My husband arranged for me to see my therapist immediately and then drove me there and sat with me. Everyone was worried about me. I was worried about me. And for the first time in my life, I could only focus on me and my immediate family-on making sure that my mental health was my priority. The EVS staff is also my family, and during those first few days, we gathered at the clinic just to be together to talk about Chris and process this grief. It was compounded because we hadn't yet fully recovered from Matt's death. I'm not sure you ever fully recover from something like that.
We had an EVS family memorial for Chris. We needed closure to try to get back to functioning. The clinic had to close for a few days and I couldn't set foot in it to work for weeks. One Saturday night I was lying in bed and I was supposed to work the next morning but I just couldn't do it. I felt physically ill and like I was suffocating just thinking of it. I called one of our shareholders and choked through tears and a rising feeling of panic to ask him to work for me. Thankfully, he agreed. I will always be grateful for that.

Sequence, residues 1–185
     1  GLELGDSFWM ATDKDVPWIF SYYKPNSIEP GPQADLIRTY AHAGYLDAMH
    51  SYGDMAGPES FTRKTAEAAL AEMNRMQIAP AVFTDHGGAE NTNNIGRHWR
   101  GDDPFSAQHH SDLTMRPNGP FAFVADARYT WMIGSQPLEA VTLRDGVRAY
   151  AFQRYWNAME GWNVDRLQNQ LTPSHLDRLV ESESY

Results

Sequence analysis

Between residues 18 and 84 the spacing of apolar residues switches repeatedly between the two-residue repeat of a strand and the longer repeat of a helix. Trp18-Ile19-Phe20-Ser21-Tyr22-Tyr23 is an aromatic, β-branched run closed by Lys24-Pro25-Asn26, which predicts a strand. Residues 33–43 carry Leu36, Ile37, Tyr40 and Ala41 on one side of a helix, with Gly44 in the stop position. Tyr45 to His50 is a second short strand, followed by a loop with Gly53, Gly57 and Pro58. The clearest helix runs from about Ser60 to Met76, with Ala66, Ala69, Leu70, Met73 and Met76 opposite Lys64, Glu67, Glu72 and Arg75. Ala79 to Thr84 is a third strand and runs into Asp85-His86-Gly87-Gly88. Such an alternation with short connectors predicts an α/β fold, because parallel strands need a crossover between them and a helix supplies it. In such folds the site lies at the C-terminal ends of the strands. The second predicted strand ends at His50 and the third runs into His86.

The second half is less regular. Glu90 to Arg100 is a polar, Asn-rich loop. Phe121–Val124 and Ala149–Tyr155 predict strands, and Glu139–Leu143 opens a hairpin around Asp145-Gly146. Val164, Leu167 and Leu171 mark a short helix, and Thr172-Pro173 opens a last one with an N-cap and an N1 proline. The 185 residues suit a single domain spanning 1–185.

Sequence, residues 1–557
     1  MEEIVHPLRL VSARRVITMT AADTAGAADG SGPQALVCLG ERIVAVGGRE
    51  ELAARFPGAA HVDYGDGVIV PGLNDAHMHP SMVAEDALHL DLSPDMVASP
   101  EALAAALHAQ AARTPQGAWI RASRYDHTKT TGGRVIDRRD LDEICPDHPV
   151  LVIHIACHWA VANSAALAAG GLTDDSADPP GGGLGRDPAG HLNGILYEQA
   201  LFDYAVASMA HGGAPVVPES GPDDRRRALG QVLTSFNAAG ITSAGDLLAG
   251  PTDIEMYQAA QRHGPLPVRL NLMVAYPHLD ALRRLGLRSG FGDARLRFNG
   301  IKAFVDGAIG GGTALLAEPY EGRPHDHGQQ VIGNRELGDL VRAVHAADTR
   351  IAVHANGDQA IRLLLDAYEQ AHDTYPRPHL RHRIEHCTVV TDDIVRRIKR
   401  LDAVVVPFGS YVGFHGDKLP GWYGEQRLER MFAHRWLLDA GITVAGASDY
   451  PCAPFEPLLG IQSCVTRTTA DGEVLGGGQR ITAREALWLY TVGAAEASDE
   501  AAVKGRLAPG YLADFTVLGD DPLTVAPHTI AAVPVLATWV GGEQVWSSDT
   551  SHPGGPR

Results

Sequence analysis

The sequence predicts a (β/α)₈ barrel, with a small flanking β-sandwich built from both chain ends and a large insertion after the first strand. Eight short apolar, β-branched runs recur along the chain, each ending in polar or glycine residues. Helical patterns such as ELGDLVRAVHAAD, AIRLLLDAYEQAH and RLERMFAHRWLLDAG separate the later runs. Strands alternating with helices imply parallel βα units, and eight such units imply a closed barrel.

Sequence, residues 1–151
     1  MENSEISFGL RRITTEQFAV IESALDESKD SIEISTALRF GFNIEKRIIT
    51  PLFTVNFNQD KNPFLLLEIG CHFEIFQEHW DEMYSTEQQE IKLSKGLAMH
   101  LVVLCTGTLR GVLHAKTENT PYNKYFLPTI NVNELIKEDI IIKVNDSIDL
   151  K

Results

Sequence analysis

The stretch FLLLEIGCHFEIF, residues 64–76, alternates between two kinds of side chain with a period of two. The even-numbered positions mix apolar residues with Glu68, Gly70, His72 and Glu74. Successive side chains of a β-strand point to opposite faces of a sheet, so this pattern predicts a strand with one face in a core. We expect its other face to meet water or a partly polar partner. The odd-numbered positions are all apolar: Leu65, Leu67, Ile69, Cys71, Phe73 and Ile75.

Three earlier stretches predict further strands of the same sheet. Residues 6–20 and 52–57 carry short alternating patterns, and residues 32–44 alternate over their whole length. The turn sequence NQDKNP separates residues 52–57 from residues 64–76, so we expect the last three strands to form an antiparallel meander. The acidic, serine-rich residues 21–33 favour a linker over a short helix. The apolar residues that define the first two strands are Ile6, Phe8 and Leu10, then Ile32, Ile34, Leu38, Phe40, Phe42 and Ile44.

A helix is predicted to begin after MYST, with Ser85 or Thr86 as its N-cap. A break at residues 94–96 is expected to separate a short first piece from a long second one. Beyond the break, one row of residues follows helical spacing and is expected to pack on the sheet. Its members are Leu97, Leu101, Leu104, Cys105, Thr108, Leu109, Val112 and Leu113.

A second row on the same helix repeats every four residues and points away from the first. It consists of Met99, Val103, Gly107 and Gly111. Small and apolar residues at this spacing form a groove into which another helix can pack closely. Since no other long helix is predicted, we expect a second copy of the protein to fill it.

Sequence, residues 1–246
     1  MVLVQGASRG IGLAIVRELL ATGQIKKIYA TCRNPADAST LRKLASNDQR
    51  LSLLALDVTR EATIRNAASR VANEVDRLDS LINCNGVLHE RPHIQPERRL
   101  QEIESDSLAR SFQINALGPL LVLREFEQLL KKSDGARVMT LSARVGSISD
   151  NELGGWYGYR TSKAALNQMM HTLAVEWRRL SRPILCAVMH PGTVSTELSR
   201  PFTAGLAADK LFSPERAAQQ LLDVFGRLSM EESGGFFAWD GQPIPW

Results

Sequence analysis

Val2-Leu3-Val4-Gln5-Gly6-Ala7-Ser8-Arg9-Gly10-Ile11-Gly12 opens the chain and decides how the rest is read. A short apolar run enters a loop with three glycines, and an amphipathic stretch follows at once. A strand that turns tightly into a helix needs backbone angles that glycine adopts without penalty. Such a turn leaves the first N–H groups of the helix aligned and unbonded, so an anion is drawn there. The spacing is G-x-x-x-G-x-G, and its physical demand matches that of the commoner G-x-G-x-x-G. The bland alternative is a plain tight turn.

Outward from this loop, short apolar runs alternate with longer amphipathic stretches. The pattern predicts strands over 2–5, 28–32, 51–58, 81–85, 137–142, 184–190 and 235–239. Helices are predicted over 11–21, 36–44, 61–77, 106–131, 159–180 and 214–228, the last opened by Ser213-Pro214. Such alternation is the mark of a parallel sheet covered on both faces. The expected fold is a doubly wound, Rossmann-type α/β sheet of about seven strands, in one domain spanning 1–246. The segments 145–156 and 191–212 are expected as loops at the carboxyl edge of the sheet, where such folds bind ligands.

At the same time, one of our doctors was out because of complications with her pregnancy, another doctor was out to have surgery on an abscess in her hamstring, and another doctor was on a trip to Israel to visit her father. For the first time in the more than 16 years I had been at the clinic, I cried “uncle.” I couldn't do it. My mental health was at the breaking point. I wondered what God was trying to tell me. How could all of this happen at one clinic? Emotionally, I wasn't doing well. I continued to see my therapist because I knew I had to take care of myself.